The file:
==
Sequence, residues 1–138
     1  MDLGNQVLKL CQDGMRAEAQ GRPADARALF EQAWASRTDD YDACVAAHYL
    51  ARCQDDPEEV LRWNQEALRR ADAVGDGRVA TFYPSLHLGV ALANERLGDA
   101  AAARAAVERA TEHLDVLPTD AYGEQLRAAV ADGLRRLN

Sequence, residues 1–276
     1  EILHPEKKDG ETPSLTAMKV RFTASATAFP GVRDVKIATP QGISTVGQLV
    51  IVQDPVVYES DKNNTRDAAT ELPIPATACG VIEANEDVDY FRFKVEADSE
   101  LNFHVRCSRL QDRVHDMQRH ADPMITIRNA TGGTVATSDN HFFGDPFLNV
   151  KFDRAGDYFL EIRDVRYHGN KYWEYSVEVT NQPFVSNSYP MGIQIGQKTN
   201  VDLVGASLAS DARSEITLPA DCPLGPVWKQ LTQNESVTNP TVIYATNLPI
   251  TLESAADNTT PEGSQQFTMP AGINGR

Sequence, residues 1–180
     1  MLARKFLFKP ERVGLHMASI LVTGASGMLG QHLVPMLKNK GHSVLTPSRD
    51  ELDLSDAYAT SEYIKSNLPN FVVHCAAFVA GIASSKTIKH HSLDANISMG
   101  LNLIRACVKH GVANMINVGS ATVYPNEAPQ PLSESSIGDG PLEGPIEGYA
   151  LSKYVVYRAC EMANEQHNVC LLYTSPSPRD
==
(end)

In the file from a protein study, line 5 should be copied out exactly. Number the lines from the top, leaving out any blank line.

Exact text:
Sequence, residues 1–276